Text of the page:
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Our guide to probate

Learn about the legal process that’s required to sort out the estate of someone who has died.

What is probate?

Probate is a legal process that gives you the right to sort out a deceased person’s estate. This includes things like money, property and belongings. But it can also cover any debts and taxes that are owed.

To obtain this legal right, you need to apply for a grant of representation. The way this works depends on the presence of a will:

Once the relevant document arrives, you can begin to sort out the estate.

When is probate needed?

Probate is typically needed when either:

If a bank or financial institution asks for a probate grant, it's a good indication that probate is needed. But the qualifying threshold can vary between banks and financial institutions.

Probate might not be needed if the deceased person co-owned shares, money, land or property, because these assets could pass to the surviving owners. However, you will need to complete any necessary paperwork. For example, if a property was co-owned, you need to update the Land Registry by completing a deceased joint proprietor form.

In addition, probate might not be needed if the person who died only had savings assets.

Depending on your situation, it can be helpful or essential to get expert probate advice.

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Get probate advice and support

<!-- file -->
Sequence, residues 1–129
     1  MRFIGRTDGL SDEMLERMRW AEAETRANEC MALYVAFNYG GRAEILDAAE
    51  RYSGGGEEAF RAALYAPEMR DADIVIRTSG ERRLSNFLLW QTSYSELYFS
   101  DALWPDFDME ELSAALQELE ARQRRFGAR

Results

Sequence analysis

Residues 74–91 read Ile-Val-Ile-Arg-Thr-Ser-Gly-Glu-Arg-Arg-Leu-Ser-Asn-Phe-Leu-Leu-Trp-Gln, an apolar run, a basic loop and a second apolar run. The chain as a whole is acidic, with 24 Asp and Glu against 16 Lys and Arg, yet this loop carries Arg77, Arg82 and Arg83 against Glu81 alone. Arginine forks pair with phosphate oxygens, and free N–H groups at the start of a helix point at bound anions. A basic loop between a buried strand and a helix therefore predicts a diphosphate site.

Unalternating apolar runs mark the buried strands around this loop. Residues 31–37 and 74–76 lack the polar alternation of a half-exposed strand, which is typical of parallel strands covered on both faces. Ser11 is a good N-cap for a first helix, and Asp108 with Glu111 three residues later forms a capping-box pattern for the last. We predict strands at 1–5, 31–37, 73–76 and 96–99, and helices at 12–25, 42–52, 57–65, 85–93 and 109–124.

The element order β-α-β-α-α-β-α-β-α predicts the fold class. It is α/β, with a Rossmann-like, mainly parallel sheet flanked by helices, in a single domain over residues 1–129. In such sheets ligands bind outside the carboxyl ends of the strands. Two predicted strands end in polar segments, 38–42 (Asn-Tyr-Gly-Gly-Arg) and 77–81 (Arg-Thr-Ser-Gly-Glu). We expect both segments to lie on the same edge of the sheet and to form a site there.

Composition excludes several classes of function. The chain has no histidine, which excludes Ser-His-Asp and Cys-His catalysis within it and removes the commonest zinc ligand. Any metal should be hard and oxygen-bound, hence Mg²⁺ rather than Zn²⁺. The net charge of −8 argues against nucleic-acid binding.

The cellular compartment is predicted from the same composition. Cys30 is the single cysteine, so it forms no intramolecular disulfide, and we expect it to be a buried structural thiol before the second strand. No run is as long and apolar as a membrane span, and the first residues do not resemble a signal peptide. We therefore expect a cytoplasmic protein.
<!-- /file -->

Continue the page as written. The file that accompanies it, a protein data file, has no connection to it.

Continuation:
Co-op Legal Services offers free initial advice on whether you need probate, what's involved and a no obligation fixed fee quote for their complete probate service.

What does the personal representative do?

The personal representative is responsible for sorting out the estate. They are either the:

Depending on the estate, the executor or administrator might need to:

If you’re concerned there’s not enough money in the estate to cover expenses (taxes, bills, fees etc), it might help to get expert probate advice.

For more information, our partners Co-op Legal Services have put together a helpful page for executors and administrators. It features a range of tools, checklists and guides.

What does probate cost?

Even if you don’t pay for the help of a probate specialist, probate can cost money.

Application fee

The application fee in England and Wales is £300. However, you might not need to pay if:

Need to make a second probate application for the same estate? This costs £20 even if the value of the estate is £5,000 or less.

Probate forms

Official probate forms are needed to complete the process. Each copy of the form costs £1.50.

For more information about fees, visit the Government website.

Please note the process and fees involved differs in Northern Ireland and Scotland. Probate in Scotland is known as 'confirmation'.

How long does probate take?

Probate can be a lengthy process. It typically takes between nine and 12 months to settle an estate. But it might take significantly longer if:

Get probate support from Saga Legal